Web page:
Thursday, May 09, 2013
The tide of new books continues to roll in, just as students are less likely to want anything else to add to the mix of completing projects, studying for finals and returning library materials. Nevertheless, there are many delightful books that offer a respite - just 15 minutes of reading a portion of Divided Brains (for example) could give you renewed enthusiasm for whatever lies ahead. Development of lateralization in the brain is evidenced by a wide array of behavior and skills, from tail wagging in dogs (the tail swings farther to the one side or the other, depending on whether the dog is being approached by its owner or by a more dominant dog) to a larger than average posterior area of the right hippocampus in London taxi drivers (the size of the hippocampus relates directly to spatial ability). Don't ask how we know - come take a quick look at the book and see what else is of interest on the new books shelf.
Wednesday, May 08, 2013
There's no denying that population growth is a huge factor contributing to greater environmental and social issues. However, it is a concern that no government or society is willing to address due to political and cultural sensitivity. The film Mother: Caring for 7 Billion attempts to present a different plan for sustainable humanity as scientists and experts discuss overpopulation and the social complexities ingrained in history and surrounding the issue.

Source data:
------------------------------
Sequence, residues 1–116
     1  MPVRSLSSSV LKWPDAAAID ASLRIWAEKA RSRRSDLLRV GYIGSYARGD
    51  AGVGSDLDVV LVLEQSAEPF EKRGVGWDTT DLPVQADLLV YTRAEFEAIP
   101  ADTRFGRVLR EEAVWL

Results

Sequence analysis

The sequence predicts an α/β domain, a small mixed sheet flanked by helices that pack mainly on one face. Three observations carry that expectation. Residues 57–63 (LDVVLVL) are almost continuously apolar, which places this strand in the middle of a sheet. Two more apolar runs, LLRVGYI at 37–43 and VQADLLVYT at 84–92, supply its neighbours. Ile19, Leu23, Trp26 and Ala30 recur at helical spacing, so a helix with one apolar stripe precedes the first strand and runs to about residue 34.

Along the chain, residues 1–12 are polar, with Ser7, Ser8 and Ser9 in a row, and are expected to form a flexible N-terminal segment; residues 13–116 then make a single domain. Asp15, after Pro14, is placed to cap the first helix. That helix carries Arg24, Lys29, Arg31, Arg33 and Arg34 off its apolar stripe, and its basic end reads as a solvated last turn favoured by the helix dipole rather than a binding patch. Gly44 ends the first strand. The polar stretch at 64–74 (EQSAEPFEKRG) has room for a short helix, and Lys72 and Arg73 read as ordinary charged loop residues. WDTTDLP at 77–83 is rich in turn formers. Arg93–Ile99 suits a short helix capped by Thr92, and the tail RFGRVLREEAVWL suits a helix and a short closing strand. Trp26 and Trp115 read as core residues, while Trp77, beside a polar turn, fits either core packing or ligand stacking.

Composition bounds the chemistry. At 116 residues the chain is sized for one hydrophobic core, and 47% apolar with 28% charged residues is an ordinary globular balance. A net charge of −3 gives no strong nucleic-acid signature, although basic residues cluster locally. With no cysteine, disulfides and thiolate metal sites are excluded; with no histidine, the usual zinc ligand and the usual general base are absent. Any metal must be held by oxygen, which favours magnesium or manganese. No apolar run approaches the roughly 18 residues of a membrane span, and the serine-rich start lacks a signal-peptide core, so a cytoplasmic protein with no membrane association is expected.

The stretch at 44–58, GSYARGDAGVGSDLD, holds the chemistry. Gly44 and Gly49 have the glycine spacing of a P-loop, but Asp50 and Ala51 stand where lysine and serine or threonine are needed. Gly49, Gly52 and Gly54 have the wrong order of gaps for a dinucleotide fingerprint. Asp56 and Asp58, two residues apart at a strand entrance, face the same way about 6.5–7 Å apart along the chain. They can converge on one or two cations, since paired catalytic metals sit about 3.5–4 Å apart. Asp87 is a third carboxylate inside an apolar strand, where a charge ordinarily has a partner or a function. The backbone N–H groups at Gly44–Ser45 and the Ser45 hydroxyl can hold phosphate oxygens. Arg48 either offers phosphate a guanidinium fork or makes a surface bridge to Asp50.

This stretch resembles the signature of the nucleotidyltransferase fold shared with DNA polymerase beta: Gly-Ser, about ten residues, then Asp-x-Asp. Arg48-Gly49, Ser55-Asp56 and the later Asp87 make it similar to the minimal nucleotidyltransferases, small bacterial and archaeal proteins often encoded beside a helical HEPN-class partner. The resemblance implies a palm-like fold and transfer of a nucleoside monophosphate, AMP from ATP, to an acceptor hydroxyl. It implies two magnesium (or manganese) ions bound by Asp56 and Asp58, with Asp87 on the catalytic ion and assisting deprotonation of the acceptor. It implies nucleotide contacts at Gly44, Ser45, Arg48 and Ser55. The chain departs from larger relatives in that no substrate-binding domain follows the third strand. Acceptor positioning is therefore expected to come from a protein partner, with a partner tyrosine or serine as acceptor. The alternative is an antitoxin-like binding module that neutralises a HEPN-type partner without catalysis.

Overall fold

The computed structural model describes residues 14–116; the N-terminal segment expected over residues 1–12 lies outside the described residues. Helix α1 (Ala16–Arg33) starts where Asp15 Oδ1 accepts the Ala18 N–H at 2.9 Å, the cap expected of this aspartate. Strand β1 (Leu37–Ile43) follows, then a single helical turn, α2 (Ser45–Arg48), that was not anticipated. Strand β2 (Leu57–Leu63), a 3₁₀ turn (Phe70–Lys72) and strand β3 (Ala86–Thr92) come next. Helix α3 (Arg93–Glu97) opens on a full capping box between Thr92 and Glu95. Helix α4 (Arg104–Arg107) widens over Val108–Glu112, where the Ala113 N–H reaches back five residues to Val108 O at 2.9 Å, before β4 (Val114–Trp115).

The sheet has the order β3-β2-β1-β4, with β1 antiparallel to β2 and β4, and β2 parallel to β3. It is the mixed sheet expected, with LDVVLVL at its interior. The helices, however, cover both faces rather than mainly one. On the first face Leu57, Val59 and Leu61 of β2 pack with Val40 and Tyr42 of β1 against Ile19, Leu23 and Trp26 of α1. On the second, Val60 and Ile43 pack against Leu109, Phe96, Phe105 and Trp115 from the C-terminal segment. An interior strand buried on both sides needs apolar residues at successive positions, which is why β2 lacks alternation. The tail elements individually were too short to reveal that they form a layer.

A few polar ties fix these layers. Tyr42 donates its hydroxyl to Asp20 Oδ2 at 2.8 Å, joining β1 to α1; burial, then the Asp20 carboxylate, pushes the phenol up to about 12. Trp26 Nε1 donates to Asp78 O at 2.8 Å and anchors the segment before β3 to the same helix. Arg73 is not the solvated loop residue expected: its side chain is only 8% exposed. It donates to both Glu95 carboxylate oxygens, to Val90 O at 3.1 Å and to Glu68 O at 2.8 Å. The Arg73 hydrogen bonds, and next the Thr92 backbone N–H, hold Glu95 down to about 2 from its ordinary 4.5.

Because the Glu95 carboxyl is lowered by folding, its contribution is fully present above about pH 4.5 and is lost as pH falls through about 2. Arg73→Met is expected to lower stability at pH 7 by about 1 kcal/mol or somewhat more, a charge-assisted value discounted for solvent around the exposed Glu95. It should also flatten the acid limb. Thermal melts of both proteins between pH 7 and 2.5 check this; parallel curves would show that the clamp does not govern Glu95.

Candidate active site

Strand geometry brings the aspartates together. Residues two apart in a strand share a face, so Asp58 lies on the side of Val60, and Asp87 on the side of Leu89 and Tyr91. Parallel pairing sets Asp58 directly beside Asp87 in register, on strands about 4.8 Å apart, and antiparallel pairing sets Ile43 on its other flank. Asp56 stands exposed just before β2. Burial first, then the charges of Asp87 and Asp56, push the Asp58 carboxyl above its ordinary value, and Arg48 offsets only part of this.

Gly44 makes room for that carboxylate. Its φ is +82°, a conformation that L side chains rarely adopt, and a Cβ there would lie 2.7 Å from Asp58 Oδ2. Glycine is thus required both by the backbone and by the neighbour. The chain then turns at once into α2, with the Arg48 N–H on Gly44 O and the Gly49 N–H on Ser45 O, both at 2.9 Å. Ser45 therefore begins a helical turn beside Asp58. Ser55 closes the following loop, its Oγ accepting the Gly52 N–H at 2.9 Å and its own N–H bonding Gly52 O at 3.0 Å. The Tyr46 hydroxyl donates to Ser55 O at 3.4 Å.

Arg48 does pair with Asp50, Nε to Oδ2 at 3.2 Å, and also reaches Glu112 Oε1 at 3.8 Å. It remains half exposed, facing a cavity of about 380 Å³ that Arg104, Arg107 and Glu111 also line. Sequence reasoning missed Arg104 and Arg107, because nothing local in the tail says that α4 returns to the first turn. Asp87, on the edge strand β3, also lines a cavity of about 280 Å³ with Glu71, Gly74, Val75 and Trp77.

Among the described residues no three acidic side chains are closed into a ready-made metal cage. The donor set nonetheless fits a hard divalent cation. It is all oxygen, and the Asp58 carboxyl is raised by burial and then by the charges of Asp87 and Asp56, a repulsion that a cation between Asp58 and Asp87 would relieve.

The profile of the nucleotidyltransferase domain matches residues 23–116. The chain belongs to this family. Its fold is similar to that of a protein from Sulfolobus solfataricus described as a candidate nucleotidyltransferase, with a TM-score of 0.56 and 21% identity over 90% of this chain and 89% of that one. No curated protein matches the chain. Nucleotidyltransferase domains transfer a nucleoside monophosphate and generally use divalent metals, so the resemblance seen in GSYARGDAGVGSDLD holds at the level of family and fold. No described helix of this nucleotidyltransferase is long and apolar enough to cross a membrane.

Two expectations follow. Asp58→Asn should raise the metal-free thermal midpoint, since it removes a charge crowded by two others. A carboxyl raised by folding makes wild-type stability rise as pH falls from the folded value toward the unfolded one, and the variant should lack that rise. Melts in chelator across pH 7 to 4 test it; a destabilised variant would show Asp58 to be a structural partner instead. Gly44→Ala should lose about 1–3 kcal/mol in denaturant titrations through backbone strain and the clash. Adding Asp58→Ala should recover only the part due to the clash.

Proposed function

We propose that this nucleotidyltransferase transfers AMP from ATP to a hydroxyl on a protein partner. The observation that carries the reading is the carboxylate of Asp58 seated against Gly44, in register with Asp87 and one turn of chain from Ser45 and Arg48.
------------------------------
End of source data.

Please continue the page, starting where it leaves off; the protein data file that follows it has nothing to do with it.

In celebration of Earth Day, and continuing throughout the month of May, this film can be streamed online for free at the following link. Alternatively, the DVD can be checked out directly from the Science Library.
If you have a continued interest in this important topic, consider checking out the following books that can be found in the science library:
Mother Earth and Uncle Sam: how pollution and hollow government hurt our kids -Rena I. Steinzor
calling attention to a problem harming our children and future generations - that is, pollution - that could be eliminated if government weren't underfunding projects, distorting science, or misusing cost-benefit analysis or regulatory authority
Why Have Children? : the ethical debate -Christine Overall
a presentation of the ethical reasons for and against having children, including discussions about reproductive freedom, obligations to procreate, and concerns about overpopulation and extinction
Posted by Laura Gray at 12:29 PM